Scali software helps University of Georgia researchers in quest for vaccines

Oslo 18 November 2004Software developed by Scali, specialized in high performance clustering solutions, has been deployed by the University of Georgia to cut system administration time and boost the reliability and robustness of its new Linux-based High Performance Computing (HPC) clusters. The two commodity clusters, based on hardware selected from the HP Unified Cluster Portfolio, have been installed in the Complex Carbohydrate Research Center (CCRC) at the University to help develop vaccines for many bacterial infections and diseases by simulating the reactions between carbohydrates and antibodies.


A combination of Scali Manage and Scali MPI Connect was selected for its capability to improve the functionality, reliability and administration involved in running critical cluster environments with high user demand. In the past, the research laboratory invested considerable time and resource in building and maintaining its own clusters. The fully supported and robust capabilities of Scali software solutions have delivered significant benefits to the CCRC, particularly quick installation, ease of management and improved workload monitoring. The CCRC scientists have been so impressed by the Scali software that they plan to use it across other clusters in the laboratory.

"Our experiments require the processing of massive amounts of data to deal with complicated computational codes. We needed cluster management software that would automate the time-consuming, but critical administration tasks. Our existing clustering management processes were draining our resources. What used to take us a week we can complete in a day using Scali software", stated Dr. Robert J. Woods, CCRC, University of Georgia. "The software ensures the cluster is stable and runs smoothly so it has greatly improved our productivity. It has freed up valuable time that we can now spend on experiments and furthering our research into vaccine design."

The Woods' group at the CCRC is working to better understand the interactions between carbohydrates and proteins, to help it predict the energy of these interactions. By simulating these interactions across the clusters, Dr. Woods and his team will determine the atomic level basis for carbohydrate recognition by the immune system and establish how to improve vaccines against bacterial and fungal infections.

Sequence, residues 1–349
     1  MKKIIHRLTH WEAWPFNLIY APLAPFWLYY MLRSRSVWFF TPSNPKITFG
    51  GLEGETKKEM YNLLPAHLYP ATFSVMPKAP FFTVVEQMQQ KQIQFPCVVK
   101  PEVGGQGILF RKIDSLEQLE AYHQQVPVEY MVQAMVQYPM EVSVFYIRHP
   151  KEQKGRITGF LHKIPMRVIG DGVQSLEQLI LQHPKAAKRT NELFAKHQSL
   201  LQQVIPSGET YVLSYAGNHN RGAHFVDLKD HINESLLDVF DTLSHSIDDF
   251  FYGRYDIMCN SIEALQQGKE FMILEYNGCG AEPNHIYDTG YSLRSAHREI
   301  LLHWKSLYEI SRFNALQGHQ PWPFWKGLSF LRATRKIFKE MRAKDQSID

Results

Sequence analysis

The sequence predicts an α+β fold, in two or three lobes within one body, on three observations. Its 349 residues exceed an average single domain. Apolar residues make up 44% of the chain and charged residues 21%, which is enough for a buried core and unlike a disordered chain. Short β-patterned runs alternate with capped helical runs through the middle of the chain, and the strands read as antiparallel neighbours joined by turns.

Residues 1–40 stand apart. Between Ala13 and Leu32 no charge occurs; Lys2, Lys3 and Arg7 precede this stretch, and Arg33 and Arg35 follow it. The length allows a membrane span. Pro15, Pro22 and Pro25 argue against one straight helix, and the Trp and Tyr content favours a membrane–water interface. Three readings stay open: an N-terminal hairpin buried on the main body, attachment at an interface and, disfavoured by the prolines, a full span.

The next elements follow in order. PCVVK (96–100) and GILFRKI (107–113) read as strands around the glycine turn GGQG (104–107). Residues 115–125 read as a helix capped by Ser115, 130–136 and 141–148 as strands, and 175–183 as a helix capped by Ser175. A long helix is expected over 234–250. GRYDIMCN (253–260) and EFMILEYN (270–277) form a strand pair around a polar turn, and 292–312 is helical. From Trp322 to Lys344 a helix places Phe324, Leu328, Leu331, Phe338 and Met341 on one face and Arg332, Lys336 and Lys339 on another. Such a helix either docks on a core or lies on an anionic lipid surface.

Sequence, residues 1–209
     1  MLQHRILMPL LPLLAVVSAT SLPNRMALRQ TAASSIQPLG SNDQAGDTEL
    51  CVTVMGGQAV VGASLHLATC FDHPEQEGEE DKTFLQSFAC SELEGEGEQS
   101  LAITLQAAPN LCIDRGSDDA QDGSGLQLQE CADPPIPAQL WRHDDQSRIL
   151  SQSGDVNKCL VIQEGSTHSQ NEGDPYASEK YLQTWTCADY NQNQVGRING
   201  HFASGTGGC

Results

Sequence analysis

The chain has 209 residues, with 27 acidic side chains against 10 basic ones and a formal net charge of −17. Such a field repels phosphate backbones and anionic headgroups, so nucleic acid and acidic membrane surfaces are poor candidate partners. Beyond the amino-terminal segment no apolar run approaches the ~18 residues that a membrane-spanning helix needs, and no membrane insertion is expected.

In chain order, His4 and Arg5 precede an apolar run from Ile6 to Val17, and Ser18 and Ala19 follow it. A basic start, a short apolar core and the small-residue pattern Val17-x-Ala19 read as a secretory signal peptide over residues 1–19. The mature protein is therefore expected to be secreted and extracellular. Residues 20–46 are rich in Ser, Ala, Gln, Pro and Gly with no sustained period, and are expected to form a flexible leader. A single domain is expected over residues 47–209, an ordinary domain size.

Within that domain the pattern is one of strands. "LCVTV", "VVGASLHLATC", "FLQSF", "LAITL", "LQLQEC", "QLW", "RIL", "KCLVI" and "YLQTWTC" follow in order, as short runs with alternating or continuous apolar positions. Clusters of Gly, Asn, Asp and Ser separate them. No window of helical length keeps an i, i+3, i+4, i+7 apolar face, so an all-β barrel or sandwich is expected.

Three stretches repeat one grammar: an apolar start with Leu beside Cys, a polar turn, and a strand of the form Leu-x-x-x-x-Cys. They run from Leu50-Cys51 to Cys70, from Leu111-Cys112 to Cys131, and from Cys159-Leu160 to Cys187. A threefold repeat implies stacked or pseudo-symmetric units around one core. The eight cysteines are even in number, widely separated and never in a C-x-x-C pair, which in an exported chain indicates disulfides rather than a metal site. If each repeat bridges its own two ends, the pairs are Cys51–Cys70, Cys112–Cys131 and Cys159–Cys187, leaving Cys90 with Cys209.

"Our customers are telling us that in a typical cluster environment, the greatest cost is often attributed to the implementation and administration of ad-hoc software applications. Scali's out-of-the-box software has enabled the CCRC to increase the efficiency of running its cluster solution while removing the headaches and administrative workload it has experienced in the past", stated Bjorn Skare, President and CEO of Scali. "This deployment is another example that highlights the need for powerful solutions that remove the complexity of cluster management."

The first deployment is an HP Linux-based 8-node cluster with dual Intel Itanium 2 processors, Myrinet interconnects, running Scali Manage and Scali MPI Connect, built to execute extremely demanding quantum calculations required for molecular simulations. The second deployment is an HP Linux-based 64-node cluster with dual Intel Xeon processors, Gigabit Ethernet and Myrinet interconnects, running Scali Manage and Scali MPI Connect, to allow large molecular dynamic simulations to run in parallel.

Scali Manage enables companies to leverage a single solution for system installation, configuration, management and monitoring of dispersed clusters across the organisation. Scali MPI Connect enables customers to take advantage of the leading interconnect hardware through a single MPI implementation. By leveraging Scali's software, HP offers its customers a total solution that dramatically simplifies its cluster environment while maintaining the required performance levels.

Leslie Versweyveld

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